Directed by Remi Vaughan Richards • Documentary • 2013 • 29 minutes
The proponents of globalization suggest we buy our food from the cheapest sources, no matter where in the world that might be. Now that food prices are rising again, countries rich and poor have begun to reconsider the price of imported food and many governments, from Brazil to Micronesia, are setting quotas in support of local food production.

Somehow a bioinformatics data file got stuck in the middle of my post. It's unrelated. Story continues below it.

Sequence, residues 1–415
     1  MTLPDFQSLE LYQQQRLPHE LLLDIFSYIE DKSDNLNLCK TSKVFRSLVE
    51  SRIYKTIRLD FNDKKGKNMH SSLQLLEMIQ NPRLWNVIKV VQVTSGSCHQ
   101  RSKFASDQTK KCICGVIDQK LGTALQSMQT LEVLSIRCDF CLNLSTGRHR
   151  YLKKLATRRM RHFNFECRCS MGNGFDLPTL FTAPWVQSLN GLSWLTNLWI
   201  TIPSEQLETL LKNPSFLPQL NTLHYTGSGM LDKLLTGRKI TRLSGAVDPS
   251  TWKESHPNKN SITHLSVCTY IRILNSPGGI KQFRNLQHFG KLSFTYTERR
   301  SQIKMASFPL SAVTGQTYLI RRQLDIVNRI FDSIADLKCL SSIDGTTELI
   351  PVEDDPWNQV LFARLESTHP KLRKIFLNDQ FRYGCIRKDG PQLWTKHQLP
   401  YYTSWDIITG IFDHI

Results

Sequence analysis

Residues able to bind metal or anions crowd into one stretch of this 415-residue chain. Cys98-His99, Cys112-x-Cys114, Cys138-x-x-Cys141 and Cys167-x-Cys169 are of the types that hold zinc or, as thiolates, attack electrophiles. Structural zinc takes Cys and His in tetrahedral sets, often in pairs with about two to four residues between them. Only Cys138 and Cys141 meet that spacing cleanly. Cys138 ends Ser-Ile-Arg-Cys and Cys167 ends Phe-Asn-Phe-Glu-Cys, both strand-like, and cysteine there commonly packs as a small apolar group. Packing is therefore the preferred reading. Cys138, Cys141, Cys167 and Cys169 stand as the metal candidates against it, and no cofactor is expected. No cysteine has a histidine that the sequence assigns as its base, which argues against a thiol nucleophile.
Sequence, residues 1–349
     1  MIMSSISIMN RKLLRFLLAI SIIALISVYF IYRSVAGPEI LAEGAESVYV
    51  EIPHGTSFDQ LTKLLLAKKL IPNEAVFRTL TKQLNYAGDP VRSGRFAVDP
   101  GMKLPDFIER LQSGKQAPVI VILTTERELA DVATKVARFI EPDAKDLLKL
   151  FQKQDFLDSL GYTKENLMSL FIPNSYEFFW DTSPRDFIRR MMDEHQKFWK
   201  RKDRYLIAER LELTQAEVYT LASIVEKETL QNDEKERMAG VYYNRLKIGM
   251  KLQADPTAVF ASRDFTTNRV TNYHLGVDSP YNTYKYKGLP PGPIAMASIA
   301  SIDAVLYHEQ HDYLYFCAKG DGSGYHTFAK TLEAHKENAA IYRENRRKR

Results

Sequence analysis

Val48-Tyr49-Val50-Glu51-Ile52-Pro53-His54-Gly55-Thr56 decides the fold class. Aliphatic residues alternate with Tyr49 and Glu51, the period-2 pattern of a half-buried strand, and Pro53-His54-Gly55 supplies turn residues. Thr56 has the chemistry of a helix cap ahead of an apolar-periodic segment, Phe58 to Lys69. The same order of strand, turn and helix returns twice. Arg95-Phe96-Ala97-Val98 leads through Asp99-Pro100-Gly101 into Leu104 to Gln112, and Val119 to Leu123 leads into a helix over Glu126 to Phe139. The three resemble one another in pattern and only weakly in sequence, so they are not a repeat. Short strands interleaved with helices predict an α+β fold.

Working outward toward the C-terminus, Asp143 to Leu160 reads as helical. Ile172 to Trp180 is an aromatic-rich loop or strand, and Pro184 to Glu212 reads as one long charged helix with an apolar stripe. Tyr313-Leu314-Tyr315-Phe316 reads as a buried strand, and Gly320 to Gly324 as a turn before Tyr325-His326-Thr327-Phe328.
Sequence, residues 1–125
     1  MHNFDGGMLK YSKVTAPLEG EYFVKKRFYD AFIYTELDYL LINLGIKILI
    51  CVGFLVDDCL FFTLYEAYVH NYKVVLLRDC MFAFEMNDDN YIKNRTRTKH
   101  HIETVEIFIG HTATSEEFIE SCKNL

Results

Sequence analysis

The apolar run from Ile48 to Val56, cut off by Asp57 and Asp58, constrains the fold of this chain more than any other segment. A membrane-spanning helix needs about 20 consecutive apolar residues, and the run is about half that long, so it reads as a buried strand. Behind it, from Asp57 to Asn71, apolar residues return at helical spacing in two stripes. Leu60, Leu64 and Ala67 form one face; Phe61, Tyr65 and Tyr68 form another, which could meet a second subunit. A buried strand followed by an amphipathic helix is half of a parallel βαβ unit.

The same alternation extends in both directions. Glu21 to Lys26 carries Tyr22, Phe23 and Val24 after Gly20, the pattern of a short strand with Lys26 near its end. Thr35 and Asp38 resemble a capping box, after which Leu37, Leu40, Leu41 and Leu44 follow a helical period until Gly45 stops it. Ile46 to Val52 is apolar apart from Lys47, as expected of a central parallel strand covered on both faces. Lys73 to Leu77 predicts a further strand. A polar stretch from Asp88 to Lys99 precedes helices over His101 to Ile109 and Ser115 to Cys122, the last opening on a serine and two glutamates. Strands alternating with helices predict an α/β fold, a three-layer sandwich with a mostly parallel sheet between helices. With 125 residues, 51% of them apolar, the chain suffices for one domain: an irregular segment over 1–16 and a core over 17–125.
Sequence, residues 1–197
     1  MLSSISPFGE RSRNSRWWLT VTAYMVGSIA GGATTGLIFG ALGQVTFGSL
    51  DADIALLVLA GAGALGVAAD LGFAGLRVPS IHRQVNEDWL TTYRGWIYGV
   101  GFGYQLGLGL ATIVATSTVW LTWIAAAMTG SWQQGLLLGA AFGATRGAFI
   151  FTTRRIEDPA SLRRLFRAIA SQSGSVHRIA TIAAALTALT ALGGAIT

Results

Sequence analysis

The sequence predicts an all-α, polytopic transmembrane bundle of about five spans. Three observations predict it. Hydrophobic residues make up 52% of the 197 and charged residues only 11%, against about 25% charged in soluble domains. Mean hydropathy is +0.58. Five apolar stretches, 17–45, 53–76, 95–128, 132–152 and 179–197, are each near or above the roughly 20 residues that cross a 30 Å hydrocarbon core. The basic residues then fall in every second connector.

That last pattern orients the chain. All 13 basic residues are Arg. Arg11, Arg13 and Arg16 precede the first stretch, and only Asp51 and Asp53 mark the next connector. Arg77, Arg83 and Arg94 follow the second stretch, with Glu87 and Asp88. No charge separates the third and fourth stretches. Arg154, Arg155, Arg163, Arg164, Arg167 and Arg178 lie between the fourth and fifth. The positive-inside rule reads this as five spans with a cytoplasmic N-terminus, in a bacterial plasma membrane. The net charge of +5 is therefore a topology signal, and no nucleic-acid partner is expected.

Nigeria, the world's seventh most populous country, is one of the world's largest food importers. The charismatic Akinwunmi Ayo Adesina, Nigerian Minister for Agriculture, believes it is his job to ensure Nigerians eat food grown in Nigeria. Experts say the Minister's plans could be a model for other African nations. But do people really want to eat only food grown at home? What impact do food policies have on the local economy and local diets? And in a globalized world, is self-sufficiency really the answer?